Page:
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Films of Sergio Leone => Other Films => Topic started by: dave jenkins on August 09, 2007, 10:09:27 AM



Title: Appaloosa (2008)
Post by: dave jenkins on August 09, 2007, 10:09:27 AM
Not a remake of the Brando film, apparently: http://www.variety.com/article/VR1117969818.html?categoryid=10&cs=1
Who says the Western is dead?


Title: Re: Appaloosa (2008)
Post by: Silenzio on August 09, 2007, 10:23:01 AM
Nobody in this morgue, that's for sure.


Title: Re: Appaloosa (2008)
Post by: Tucumcari Bound on September 13, 2007, 06:04:16 PM
I can't wait for this. Some great talent involved in this project. I seen Viggo Mortensen on Letterman last night and he was sporting a great western mustache preparing for his role in this. Ed Harris as you all know is directing as well as starring. Renée Zellweger also is starring.


Title: Re: Appaloosa (2008)
Post by: dave jenkins on September 13, 2007, 06:39:09 PM
With this, Yuma, the Jesse James film, and There Will Be Blood, it seems the Western is really back. The operative word being "seems."


Title: Re: Appaloosa (2008)
Post by: Tucumcari Bound on September 13, 2007, 06:51:38 PM
With this, Yuma, the Jesse James film, and There Will Be Blood, it seems the Western is really back. The operative word being "seems."

I hope so jenkins! If only they all can be successful!


Title: Re: Appaloosa (2008)
Post by: Tucumcari Bound on June 26, 2008, 12:34:51 AM

UPDATED NEWS:

http://hollywood-elsewhere.com/2008/06/appaloosa_acomi.php

It hasn't been reported anywhere yet, but I'm told Warner Bros. will be releasing Ed Harris's Appaloosa, a New Line reject starring Viggo Mortensen, Renee Zellweger, Harris, Jeremy Irons and Lance Henriksen, on Wednesday, 9.17.08 in New York, L.A. and Toronto, followed by a 500-screen break on Friday, 9.19.

Another guy has written in and said "It's still a New Line movie, New Line execs are still doing the development/cutting, and New Line came up with the release plan. It's a Warner Brothers movie like Sex and the City is a Warner Brothers movie -- in that WB passed on it and New Line made it."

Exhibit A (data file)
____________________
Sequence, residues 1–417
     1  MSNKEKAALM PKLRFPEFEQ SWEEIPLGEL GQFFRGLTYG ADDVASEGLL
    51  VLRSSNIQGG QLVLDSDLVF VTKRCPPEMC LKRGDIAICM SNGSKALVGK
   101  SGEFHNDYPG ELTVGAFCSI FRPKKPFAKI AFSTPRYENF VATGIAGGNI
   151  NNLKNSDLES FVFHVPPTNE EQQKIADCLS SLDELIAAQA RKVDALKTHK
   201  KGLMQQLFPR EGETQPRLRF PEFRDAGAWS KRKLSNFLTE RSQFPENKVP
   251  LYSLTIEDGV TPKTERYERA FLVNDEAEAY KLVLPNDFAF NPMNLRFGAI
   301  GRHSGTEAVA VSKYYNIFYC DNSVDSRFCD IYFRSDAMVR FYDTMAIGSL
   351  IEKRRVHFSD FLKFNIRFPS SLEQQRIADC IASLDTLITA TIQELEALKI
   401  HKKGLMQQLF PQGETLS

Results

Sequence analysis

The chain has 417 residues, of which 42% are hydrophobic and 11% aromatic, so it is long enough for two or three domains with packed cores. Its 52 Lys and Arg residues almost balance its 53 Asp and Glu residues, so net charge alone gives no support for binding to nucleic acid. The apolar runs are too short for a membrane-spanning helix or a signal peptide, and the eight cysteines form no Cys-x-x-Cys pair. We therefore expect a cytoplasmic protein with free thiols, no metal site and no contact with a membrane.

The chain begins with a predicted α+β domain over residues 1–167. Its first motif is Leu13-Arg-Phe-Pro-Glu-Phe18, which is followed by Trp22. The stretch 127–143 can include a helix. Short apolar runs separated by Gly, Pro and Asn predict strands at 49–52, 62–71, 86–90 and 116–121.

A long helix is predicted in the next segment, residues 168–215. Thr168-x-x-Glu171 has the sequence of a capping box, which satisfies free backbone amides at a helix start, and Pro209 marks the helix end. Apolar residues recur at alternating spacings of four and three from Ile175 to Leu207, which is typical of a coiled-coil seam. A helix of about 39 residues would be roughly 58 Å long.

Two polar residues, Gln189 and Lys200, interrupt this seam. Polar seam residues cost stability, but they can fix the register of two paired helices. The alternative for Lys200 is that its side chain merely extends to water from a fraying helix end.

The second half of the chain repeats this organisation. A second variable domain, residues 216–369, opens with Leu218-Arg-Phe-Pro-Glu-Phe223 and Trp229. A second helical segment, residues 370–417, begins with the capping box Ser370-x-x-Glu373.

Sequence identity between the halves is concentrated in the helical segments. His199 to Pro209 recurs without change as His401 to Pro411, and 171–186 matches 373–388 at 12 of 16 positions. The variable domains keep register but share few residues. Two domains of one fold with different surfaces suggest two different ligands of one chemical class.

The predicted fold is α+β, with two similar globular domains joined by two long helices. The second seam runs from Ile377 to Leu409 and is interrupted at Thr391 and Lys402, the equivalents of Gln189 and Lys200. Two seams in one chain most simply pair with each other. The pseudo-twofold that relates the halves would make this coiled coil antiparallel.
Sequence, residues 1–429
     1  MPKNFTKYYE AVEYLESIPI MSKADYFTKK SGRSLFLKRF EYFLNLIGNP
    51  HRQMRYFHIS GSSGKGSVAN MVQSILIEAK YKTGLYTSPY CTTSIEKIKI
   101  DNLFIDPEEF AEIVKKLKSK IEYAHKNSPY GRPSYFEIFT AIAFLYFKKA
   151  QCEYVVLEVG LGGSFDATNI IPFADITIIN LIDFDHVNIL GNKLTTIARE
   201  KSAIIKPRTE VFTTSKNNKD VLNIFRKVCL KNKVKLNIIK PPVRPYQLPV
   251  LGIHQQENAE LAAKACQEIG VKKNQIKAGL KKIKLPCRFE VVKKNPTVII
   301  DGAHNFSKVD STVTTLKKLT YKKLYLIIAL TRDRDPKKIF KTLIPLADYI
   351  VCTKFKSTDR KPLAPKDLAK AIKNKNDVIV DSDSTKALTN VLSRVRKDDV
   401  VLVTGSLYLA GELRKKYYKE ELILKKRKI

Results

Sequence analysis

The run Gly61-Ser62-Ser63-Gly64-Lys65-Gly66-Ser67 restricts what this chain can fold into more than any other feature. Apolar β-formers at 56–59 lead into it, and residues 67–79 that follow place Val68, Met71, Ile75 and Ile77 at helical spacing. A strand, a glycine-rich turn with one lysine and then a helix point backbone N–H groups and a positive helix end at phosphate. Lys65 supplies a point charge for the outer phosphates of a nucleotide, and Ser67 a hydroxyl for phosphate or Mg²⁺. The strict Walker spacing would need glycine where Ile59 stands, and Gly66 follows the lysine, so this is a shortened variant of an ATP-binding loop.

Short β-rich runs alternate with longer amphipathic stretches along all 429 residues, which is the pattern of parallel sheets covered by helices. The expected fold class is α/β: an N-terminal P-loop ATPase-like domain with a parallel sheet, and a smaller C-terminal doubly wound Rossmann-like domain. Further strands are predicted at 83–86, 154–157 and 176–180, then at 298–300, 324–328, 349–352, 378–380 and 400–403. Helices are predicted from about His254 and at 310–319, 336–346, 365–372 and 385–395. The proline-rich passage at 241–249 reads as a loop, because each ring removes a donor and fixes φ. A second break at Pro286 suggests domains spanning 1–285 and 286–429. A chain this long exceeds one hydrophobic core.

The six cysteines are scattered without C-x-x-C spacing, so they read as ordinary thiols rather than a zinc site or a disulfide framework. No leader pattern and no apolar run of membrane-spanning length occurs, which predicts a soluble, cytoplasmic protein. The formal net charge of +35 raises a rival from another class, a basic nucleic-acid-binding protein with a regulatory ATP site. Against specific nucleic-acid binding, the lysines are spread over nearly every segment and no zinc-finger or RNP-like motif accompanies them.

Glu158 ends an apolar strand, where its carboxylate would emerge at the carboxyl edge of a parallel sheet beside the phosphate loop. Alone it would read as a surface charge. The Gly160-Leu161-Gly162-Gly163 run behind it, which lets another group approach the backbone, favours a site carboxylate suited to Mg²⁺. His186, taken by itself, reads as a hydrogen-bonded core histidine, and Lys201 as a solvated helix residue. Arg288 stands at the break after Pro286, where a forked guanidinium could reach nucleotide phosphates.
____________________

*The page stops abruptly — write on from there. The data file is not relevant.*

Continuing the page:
The western is about two gunmen, a marshall named Virgil Cole (Harris) and his deputy and friend Everett Hitch (Mortensen) trying to free a town from its thrall to a thuggish rancher (Irons...I think). Zellweger plays a young widow who presumably falls for Harris or Mortenson or whatever. Appaloosa is Harris' second film as a director, the first having been Pollock.

Check out the Appaloosa IMDB boards and you'll see it's gotten some good reviews from test screenings. Looks to me like an almost sure bet for the '08 Toronto Film Festival. Mortensen has been a steady attender of that gathering in recent years. Now we have an outdoorsy adventure-ish Viggo Mortensen movie (a period western) set for release just over two months before the 11.26 opening of The Road, an adaptation of the Cormac McCarthy novel in which he also stars.
Copyright Hollywood-elswhere, by Jeffrey Wells, June 24,2008


Title: Re: Appaloosa (2008)
Post by: Tucumcari Bound on August 05, 2008, 06:45:04 PM
Here's the TRAILER, OFFICIAL WEBSITE and POSTER everyone! It looks very promising...

TRAILER:

http://www.worstpreviews.com/trailer.php?id=1152&item=0

http://www.youtube.com/watch?v=Sw1XFu-mFVk


Official website:

http://welcometoappaloosa.com


Read more about it on IMDB:

http://www.imdb.com/title/tt0800308/

(http://welcometoappaloosa.warnerbros.com/appaloosa_rated1sheet.jpg)


Title: Re: Appaloosa (2008)
Post by: Tuco the ugly on August 06, 2008, 04:56:54 PM
Looks nice! It sure would be nice to see more (good) westerns in the future.


Title: Re: Appaloosa (2008)
Post by: Whalestoe on August 06, 2008, 04:59:29 PM
Viggo and Ed in a movie together again? My ass will be in the seat.


Title: Re: Appaloosa (2008)
Post by: Tuco the ugly on August 06, 2008, 05:04:25 PM
Viggo and Ed in a movie together again? My ass will be in the seat.

Because of Ed, right?


Title: Re: Appaloosa (2008)
Post by: Whalestoe on August 06, 2008, 05:07:42 PM
Because of Ed, right?

I like 'em both. Ed > Viggo though, if you want to get personal. Jeez. ;D


Title: Re: Appaloosa (2008)
Post by: Tucumcari Bound on August 06, 2008, 05:17:36 PM
Viggo and Ed in a movie together again? My ass will be in the seat.

You got that right. Ed Harris and Viggo Mortensen are d*mn good actors. I love the rest of the cast as well.


Title: Re: Appaloosa (2008)
Post by: dave jenkins on August 06, 2008, 05:19:51 PM
Wowza! Great trailer. And that cast! Ed & Viggo, Jeremy Irons, AND Lance Henriksen? I'm definitely giving this one the benefit of the doubt. Thanks for those links, TB. O0


Title: Re: Appaloosa (2008)
Post by: Tuco the ugly on August 06, 2008, 05:34:01 PM
Huh, didn't see Henriksen is gonna be in it too. Good news indeed!


Title: Re: Appaloosa (2008)